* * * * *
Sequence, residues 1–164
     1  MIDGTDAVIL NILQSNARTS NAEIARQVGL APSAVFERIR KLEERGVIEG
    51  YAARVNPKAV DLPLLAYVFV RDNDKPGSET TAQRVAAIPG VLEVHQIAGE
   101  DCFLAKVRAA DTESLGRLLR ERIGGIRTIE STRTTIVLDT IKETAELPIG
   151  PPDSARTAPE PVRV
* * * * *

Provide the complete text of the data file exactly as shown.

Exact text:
Sequence, residues 1–164
     1  MIDGTDAVIL NILQSNARTS NAEIARQVGL APSAVFERIR KLEERGVIEG
    51  YAARVNPKAV DLPLLAYVFV RDNDKPGSET TAQRVAAIPG VLEVHQIAGE
   101  DCFLAKVRAA DTESLGRLLR ERIGGIRTIE STRTTIVLDT IKETAELPIG
   151  PPDSARTAPE PVRV